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Frustrated over flooding: woman suffers loss after flood

Frustrated over flooding: woman suffers loss after flood

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A trough system that passed through St Vincent and the Grenadines last week wrought havoc in Sandy Bay, leaving a huge number of persons in dire straits, among them, Janetta Hoyte-Collins and her family of five.

According to Janetta, when the rains started in the wee hours of the morning of Tuesday, November 29, she was alarmed by the intensity of the showers so she began monitoring the nearby river.{{more}}

She said looking at the river, she realized that it was growing fiercer by the minute and so decided that she was not staying in her home.

“I could not sleep, so I tell my husband that we have to move, but he did not want to go; he just lay back down and cover up. But when I watch, I see the water was coming into the house; then the current (electricity) went off and I got more scared,” recalled Janetta.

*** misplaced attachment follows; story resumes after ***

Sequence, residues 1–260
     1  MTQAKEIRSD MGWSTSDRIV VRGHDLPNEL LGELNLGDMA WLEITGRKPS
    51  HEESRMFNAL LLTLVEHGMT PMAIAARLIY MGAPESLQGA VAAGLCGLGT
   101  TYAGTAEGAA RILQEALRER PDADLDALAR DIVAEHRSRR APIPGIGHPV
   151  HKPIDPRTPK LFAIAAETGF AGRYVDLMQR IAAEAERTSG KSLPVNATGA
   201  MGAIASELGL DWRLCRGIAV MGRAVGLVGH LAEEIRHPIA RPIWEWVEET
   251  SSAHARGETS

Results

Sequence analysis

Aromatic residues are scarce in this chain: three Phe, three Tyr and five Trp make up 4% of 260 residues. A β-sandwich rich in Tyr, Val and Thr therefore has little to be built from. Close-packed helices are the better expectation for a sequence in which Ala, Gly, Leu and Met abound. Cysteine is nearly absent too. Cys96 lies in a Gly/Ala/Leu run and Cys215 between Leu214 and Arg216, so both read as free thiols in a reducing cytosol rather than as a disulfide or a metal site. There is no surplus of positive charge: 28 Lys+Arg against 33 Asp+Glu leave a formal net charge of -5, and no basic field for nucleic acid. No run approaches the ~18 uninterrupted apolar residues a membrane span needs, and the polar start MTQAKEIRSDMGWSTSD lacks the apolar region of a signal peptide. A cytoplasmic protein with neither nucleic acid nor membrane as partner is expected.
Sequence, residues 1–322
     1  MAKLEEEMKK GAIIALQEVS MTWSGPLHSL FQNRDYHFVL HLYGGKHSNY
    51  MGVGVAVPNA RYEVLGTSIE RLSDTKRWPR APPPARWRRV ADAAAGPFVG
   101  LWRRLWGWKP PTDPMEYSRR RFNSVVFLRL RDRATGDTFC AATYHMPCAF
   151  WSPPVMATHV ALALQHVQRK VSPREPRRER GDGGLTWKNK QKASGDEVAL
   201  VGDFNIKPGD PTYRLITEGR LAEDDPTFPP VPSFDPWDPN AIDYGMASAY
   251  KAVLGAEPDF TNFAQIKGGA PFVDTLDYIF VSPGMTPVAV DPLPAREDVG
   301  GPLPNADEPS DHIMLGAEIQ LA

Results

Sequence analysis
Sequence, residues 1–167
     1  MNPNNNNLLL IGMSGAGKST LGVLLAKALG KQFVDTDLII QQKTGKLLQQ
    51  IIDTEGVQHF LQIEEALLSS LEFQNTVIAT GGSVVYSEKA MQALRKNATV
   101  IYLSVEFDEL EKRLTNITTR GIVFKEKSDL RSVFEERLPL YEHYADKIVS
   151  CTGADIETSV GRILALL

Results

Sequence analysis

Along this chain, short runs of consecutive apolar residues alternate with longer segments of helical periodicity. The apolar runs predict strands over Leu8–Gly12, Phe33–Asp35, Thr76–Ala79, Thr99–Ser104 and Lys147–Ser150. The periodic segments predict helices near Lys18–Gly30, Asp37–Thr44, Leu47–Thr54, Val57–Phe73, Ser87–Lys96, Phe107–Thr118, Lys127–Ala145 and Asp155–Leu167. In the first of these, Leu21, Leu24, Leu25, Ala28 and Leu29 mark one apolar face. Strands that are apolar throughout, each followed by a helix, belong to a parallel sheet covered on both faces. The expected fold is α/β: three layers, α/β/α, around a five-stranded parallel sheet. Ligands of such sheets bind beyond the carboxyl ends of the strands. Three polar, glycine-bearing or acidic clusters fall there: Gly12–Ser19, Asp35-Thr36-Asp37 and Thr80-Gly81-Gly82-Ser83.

She said even when the water rose to their front door, her husband was still reluctant to leave the house.

Janetta said she used the dim light from her electronic tablet to monitor the water at her door and decided that she was not staying, even though her husband was intent on doing so.

She took her four children and went to her mother’s home and her husband joined them about half hour later.

“…me sister and she husband was watching the river, then she said we house gone and when I look out, all I saw was the space and then the children start crying,” said Janetta.

On Saturday, December 3, when SEARCHLIGHT spoke to the frustrated mother, she was housed at the Sandy Bay Government School emergency shelter with her children. She said that her husband had gone hunting for a house to rent, as they were promised some help from the Government.

“I feel real bad; I shed tears the morning after the thing happen. We can’t go back to build in that area, because it is not safe,” explained Janetta, who moved to the river bank spot in 2013 after floods that year.

She said that all her family’s worldly possessions were buried in the rubble or swept away by the river.

“I had just done some shopping; all the food stuff under there; all the baby clothes, children books, everything bury up and wash way. I really frustrated being here (in the shelter) because I accustom cook my own pot and here I have to wait on people and I don’t like that,” she lamented.

The upset mother’s story is not unique, as at the time SEARCHLIGHT visited, the Sandy Bay shelter held some 125 persons from 31 families. Eight of these families had their homes completely destroyed and were left with just the clothes on their backs. (LC)

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